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Martin Gilbert: New oil and gas projects don’t mean us backsliding on green energy

A seamless and just transition is essential to maintain continuing energy supply.

Martin Gilbert.
Martin Gilbert. Image: James Thorneley

Businesses could be forgiven for looking at 2024 with trepidation.

After pandemic lockdown, supply chain disruption, high interest rates, cost inflation, and labour and skills shortages, many entrepreneurs must be asking “what’s going to hit us next?”

There are still many challenges facing business. The EY Scottish Item Club Autumn Forecast reported sentiment among Scottish businesses as “fragile”, due to persistent high interest rates and above-target inflation.

The Bank of England recently signalled that interest rates will not fall any time soon.

Despite headwinds, Scotland’s economy forecast to grow in 2024

On the other hand, the Item Club forecast also predicted Scottish GVA (the gross value added measue of economic growth) to rise by 0.3% in 2024 as inflation eases, real incomes increase and interest rates eventually start to fall.

The information and communications sector, and business services are expected to lead the way. In 2025 it forecasts Scottish GVA will rise by 1.3%, increasing to 1.5% in 2026.

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And recently published research by the Bank of Scotland showed business confidence in Scotland rose by 15 points in November, to 41%.

Business rates are, however, a concern. The Scottish Retail Consortium and Federation of Small Businesses have urged the Scottish government to freeze the headline poundage rate for 2024 since, if the rate is increased in line with the September inflation figure of 6.7%, companies in Scotland will pay £205 million more.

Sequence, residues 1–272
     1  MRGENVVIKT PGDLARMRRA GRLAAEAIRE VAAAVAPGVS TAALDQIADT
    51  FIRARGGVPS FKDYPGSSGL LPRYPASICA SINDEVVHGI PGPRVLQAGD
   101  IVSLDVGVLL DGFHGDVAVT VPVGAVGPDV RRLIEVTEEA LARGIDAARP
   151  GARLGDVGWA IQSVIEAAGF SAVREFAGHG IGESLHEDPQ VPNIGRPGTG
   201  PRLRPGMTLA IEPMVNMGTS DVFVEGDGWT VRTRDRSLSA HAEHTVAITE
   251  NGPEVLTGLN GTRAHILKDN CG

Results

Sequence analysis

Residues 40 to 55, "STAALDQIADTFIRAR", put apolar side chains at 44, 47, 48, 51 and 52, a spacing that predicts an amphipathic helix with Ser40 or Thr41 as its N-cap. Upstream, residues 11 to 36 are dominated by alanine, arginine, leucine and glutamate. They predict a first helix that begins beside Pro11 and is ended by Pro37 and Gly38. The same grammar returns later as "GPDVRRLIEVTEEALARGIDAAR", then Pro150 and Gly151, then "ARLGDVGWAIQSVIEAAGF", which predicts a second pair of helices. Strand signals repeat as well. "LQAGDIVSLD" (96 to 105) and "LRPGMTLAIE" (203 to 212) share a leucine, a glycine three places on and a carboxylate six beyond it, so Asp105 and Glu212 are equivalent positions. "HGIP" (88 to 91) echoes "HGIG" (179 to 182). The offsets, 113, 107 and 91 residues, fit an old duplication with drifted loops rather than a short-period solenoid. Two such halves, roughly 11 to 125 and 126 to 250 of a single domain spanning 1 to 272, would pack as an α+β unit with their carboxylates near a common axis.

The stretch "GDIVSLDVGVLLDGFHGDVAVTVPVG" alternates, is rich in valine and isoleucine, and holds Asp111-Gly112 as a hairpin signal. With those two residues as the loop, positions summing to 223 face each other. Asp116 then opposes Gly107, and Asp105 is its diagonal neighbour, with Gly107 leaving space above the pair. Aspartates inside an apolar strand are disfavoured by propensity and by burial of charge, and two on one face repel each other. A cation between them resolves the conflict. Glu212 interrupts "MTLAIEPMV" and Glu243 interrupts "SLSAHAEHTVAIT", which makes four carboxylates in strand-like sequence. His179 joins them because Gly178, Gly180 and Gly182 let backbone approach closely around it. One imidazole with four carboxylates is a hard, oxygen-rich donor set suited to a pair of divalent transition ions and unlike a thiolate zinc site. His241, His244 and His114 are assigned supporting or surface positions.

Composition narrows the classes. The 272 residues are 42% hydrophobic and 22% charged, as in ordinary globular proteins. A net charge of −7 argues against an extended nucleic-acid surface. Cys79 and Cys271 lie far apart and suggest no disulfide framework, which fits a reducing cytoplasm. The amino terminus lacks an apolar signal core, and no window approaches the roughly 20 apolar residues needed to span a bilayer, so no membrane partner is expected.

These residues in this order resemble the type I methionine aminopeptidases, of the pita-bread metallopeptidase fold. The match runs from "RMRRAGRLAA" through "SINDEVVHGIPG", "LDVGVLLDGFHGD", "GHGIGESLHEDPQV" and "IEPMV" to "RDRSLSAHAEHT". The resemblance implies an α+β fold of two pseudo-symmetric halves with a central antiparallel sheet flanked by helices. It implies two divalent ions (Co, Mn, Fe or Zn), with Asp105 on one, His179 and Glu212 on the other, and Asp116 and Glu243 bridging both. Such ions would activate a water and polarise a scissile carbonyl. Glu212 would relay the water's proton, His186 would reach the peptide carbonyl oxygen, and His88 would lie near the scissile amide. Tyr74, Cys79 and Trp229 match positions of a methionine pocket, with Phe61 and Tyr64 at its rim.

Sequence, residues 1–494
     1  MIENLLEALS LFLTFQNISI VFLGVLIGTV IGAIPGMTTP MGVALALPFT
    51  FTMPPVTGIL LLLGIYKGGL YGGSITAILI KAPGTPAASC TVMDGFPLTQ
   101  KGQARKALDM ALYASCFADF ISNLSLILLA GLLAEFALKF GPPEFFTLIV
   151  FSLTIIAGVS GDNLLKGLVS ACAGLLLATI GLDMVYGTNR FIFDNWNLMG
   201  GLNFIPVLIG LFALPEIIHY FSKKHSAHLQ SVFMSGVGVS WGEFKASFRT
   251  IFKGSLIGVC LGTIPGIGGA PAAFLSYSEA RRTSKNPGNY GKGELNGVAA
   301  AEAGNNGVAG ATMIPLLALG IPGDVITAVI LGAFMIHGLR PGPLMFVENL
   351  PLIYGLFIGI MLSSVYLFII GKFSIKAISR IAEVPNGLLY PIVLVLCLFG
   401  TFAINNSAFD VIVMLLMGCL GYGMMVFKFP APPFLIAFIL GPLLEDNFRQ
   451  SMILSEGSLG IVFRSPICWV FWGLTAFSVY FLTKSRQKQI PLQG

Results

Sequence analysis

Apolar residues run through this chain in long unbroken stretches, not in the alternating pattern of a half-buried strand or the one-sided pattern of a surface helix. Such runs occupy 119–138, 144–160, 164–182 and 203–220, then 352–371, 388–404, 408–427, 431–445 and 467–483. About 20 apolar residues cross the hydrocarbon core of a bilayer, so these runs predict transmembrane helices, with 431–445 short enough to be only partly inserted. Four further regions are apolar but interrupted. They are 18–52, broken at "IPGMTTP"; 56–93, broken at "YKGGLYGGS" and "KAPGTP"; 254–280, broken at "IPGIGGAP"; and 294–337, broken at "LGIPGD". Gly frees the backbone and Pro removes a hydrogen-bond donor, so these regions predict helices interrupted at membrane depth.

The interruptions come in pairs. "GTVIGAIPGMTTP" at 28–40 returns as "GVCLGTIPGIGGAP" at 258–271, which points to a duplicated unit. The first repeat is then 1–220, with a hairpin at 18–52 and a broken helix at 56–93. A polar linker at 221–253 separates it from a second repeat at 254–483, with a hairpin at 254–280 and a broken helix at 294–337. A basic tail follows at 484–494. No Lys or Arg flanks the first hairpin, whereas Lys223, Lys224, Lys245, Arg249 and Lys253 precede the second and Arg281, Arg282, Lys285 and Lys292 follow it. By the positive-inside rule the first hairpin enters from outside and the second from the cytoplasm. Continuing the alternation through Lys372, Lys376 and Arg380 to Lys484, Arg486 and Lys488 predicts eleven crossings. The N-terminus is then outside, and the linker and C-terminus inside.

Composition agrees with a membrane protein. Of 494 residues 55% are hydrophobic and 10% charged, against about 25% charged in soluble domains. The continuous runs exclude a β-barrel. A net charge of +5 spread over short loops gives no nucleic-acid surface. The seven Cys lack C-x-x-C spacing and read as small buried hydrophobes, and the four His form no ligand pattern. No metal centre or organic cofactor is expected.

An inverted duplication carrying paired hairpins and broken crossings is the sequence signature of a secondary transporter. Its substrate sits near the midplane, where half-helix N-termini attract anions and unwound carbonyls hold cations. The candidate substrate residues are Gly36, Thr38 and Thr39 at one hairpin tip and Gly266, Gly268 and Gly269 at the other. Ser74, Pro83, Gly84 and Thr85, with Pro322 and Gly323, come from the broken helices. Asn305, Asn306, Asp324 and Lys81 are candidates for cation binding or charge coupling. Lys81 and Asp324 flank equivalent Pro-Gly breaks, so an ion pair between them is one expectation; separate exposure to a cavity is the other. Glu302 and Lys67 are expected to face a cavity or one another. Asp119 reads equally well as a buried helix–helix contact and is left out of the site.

Managing energy transition ‘crucial’ for north-east

Crucial to the future of our economy here in the north-east is the handling of the transition from oil and gas to renewable energy. We’ve recently had an insight into that future at COP28, held in Dubai.

Also crucial will be attracting and retaining talent. Following the recent Scottish Budget, business leaders warned its measures may hamper growth.

Scottish Financial Enterprise chief executive Sandy Begbie said they were “likely to inhibit our ability to create jobs and attract and retain the talent our economy and society needs”.

Mr Begbie added: “There is a real risk of these measures being counterproductive in the short term as well as damaging in the long term. The potential for further capital flight and the knock-on impact on high-value job creation, as a result of increased divergence, is a real concern.”

The apparently counter-intuitive decision to hold a climate summit, COP28, in the heart of the Middle East’s oil producing region paid off. It was evident the petro-states, while emphasising oil and gas have some time to run yet, are preparing to transition to green technology.

Oil boom-sized opportunity

The situation in the north-east presents as big an opportunity as the oil boom in the 1970s.

Despite the blow of the windfall tax, oil and gas companies are showing signs of being willing to reinvest, with Equinor and Ithaca Energy proceeding with development of the Rosebank field and Serica Energy backing a plan to restart production from the Buchan field.